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SciELO Chile

Normalized epistemic injustices and restriction of the agency of persons with disabilities


  • Raynier Hernández Universidad de las Américas
  • Beatriz Revuelta Universidad Central de Chile


Epistemic injustices refer to those forms of unfair treatment that are related to the production, transmission, or use of knowledge by the subjects. The ethical-epistemic and socio-epistemic framework provided by these injustices is linked to themes that cross the main philosophical traditions such as pragmatism, phenomenology, and critical theory. These injustices are further intertwined with social and intellectual movements such as feminism, critical race theory, critical disability studies, and decolonizing epistemologies. However, there is a question that people with disabilities have not been sufficiently addressed. This article is positioned in the current debates on epistemic injustices and disability, and its purpose is to contribute the concept of "normalized epistemic injustices". Starting from the verification of the ways in which subjects with disabilities are oppressively recognized, as far from the "norm", it establishes that there are epistemic injustices associated with this identification. It proposes that normalized epistemic injustices occur at the intersection of two realms: a capacitist hermeneutic system and a constrained epistemic agency where at least three types of configurations are produced: non-agency; diminished epistemic agencies and epistemic agencies in resistance. Thinking about epistemic injustices considering the weight of "normality" in the constitution as subjects of people with disabilities allows us to recognize a critical situation of epistemic exclusion for some people, while others resist and fight to be understood in collective hermeneutical resources.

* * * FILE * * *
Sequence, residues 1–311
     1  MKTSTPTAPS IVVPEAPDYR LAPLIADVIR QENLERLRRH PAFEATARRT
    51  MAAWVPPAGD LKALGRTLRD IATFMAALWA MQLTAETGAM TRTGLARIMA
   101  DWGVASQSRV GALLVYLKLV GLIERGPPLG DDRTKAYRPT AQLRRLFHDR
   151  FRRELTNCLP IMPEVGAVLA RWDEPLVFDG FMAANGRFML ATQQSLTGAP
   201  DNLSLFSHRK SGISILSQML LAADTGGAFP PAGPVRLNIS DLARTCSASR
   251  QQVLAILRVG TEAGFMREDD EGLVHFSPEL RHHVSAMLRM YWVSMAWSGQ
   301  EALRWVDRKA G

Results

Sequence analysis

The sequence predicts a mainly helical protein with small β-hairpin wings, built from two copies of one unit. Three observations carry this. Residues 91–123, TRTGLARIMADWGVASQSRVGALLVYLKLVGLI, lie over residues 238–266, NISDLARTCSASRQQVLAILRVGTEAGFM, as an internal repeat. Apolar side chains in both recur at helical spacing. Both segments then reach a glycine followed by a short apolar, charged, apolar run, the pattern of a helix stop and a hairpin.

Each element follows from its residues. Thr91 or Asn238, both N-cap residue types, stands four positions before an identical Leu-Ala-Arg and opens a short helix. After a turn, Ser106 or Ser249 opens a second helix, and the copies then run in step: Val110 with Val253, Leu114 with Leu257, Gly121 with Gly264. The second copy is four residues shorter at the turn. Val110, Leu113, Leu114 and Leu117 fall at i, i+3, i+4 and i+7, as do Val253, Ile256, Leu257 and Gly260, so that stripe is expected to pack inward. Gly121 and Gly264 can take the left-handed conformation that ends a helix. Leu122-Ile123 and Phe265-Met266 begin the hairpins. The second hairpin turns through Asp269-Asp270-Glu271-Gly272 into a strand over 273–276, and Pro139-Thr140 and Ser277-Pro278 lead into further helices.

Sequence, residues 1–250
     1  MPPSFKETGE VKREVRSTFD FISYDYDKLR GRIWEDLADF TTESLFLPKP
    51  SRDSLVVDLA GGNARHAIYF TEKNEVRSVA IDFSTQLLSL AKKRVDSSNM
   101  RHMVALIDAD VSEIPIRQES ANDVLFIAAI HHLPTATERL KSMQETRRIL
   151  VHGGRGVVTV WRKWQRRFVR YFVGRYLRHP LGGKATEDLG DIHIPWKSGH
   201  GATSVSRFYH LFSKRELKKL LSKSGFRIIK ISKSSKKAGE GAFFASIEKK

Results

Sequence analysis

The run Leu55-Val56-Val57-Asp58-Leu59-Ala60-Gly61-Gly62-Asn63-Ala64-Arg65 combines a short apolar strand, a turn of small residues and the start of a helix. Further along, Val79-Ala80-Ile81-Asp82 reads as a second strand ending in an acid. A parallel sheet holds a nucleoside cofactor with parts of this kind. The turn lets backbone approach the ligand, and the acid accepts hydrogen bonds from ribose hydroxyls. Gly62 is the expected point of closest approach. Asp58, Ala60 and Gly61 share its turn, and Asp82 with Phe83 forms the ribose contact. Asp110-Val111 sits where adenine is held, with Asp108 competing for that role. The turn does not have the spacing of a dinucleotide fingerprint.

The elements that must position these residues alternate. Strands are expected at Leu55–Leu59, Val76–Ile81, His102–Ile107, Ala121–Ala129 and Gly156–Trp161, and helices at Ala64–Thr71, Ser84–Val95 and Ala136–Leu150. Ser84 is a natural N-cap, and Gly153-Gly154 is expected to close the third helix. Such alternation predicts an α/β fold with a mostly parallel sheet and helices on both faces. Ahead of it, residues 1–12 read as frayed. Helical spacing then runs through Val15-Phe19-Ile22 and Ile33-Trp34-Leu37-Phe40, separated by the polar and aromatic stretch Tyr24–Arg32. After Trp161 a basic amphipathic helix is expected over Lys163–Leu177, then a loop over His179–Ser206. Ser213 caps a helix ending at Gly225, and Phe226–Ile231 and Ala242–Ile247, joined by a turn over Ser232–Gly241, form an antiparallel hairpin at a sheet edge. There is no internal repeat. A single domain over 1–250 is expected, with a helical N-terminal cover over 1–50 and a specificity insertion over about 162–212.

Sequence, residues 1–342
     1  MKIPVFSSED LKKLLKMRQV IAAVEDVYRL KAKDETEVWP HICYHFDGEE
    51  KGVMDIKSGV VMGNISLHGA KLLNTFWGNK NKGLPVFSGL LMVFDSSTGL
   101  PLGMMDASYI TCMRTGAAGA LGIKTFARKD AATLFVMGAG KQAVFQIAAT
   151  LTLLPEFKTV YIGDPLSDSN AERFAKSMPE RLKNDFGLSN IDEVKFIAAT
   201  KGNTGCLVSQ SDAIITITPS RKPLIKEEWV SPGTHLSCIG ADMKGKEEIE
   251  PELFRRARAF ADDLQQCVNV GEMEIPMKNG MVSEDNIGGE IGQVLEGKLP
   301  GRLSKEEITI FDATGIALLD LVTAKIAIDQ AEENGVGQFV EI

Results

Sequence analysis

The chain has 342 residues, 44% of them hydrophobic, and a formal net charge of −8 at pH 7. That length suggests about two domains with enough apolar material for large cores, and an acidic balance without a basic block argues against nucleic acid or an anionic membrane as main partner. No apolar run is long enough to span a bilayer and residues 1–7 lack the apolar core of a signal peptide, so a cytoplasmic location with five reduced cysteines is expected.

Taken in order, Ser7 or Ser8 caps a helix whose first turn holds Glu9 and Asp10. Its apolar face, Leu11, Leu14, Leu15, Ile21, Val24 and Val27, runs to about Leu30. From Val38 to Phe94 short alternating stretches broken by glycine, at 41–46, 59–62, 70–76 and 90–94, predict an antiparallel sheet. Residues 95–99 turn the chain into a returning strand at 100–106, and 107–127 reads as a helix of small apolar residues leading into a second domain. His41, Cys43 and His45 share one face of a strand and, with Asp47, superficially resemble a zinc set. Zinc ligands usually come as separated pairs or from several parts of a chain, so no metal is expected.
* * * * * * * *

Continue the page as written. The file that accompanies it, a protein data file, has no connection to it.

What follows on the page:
epistemic injustices, hermeneutical injustices, testimonial injustices, normalcy, epistemic agency, epistemic exclusion, people with disabilities